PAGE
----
What you see is a traditional Japanese windsock flown on Boy’s Day (Tango no Sekku) celebrated to help boys grow up healthy and happy. My parents gave it to me twenty years ago, but this is the first time we’ve had a place large enough to hang it.

Should you stay with us, be prepared for fishy dreams!

Other than that, the rest of the week went into preparing for the annual income tax filing and reviewing my friend’s next book.

The latter is great fun, and reminds me of this possibly apocryphal quote:

No passion in the world, no love or hate, is equal to the passion to alter someone else’s draft.
— H. G. Wells

I don’t know how real editors do it — I am definitely not a real editor — but my technique involves two passes. In the first I read relatively quickly, tracking the story and characters, looking for issues the writer might want to consider changing in regards to plot problems or characterization questions. During the second pass I slow down and look for grammar and other textual issues.

I can fly through the first pass, at least with the book I am reviewing now. By the time Doug (the author) gives me any text he has handled most of the easy stuff. As a result, the first time through I wind up reading more like an actual reader, rather than as an editor.

The second pass, though, goes slowly. Doug is very good and makes few mistakes, but keeping an entire novel straight for over 200 pages (so far) is not simple, and things do come up. I do my best to find the issues and show them to him. I make suggested changes in many cases, but for some I just write up my concern and let him address it — or not — as he sees fit.

As for income tax preparation, a thing you might not be aware of is that taxes are a huge mess for Americans living abroad. US citizens are required to file with the IRS every year, even if they never set foot in the country. This is called Citizenship Based Taxation, for obvious reasons. Back in 1995 there were only three countries that did this: Eritrea, the Philippines, and the USA. And in 1996 the Philippines changed their rules and stopped doing it.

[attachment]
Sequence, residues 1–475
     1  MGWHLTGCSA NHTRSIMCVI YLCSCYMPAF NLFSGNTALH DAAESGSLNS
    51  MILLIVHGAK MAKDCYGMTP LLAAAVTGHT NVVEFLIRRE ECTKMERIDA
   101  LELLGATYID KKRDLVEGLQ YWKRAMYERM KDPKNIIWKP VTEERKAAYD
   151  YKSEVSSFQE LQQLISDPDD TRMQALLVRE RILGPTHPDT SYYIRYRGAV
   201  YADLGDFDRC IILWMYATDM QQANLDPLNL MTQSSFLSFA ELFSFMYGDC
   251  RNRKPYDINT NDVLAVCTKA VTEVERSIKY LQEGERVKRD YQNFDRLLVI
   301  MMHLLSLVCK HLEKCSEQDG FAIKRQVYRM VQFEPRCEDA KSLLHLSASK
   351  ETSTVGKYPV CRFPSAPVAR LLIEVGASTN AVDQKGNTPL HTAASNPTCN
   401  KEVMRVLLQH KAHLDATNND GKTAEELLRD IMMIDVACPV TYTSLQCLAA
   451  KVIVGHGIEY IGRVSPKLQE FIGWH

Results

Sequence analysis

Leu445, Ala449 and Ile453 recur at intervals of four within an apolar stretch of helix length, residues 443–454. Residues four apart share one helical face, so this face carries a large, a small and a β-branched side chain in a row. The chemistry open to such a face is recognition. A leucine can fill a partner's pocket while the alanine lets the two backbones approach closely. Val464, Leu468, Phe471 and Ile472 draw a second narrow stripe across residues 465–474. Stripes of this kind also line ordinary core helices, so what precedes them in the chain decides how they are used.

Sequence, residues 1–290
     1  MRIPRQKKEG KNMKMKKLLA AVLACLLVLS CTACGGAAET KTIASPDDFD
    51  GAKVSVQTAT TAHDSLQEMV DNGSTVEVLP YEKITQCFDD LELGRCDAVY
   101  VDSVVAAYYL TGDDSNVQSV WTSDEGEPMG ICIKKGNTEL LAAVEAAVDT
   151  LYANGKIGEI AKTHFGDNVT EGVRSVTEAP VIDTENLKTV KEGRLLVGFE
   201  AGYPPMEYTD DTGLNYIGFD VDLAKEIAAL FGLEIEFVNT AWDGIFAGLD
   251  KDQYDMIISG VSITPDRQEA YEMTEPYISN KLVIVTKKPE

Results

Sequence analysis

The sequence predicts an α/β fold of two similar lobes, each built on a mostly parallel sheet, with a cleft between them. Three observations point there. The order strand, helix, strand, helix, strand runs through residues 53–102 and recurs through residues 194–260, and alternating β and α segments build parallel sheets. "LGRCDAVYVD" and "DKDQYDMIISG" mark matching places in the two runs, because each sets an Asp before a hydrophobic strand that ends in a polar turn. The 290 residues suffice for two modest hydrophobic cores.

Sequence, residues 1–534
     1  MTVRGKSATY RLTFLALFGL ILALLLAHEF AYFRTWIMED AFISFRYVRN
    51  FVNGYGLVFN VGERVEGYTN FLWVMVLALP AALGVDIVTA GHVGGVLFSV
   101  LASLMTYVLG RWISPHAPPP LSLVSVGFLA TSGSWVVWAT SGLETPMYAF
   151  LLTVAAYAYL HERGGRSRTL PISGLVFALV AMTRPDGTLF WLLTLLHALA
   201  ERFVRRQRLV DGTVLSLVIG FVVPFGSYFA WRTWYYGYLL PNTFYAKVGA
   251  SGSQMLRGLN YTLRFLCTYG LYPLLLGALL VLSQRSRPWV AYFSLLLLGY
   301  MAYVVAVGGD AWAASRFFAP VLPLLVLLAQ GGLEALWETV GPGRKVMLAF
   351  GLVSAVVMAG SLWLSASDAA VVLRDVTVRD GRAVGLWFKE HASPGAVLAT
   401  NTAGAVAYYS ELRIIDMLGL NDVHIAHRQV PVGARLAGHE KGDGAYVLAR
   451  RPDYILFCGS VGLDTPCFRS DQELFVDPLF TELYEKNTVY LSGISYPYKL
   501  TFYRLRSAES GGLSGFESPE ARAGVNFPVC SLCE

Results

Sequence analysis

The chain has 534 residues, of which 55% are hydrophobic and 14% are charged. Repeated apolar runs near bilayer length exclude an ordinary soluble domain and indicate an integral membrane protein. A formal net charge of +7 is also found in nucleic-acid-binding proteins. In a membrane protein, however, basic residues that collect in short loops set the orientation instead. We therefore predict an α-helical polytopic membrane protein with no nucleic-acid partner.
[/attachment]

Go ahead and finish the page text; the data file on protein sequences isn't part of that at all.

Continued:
As a result of this awful policy, every year we have to file tax returns (and pay taxes) in two countries, and that is so complicated that you never, ever file them yourself. Instead you find an accountant who understands cross border tax issues. The rules between the US and every other country vary widely and change regularly. It takes a dedicated professional to keep up, and each year we have to assemble a mountain of data so our accountant can do the job.

I started the data gathering process back on January first, since some of what we need is found in simple things like bank account statements. The process continues to this day, and will go on for quite some time.

Fun, eh?

And no, I didn’t do any tax data gathering while still under the influence of anaesthesia. Tempting though it might be, that is a bad idea.

That winds up this week’s post. Keep safe and sane out there, and get your vaccine ASAP!

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Jeff Powell

Jeff Powell

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Sculptor/Artist. Former programmer. Former volunteer firefighter. Former fencer. Weirdest resume on the planet, I suspect.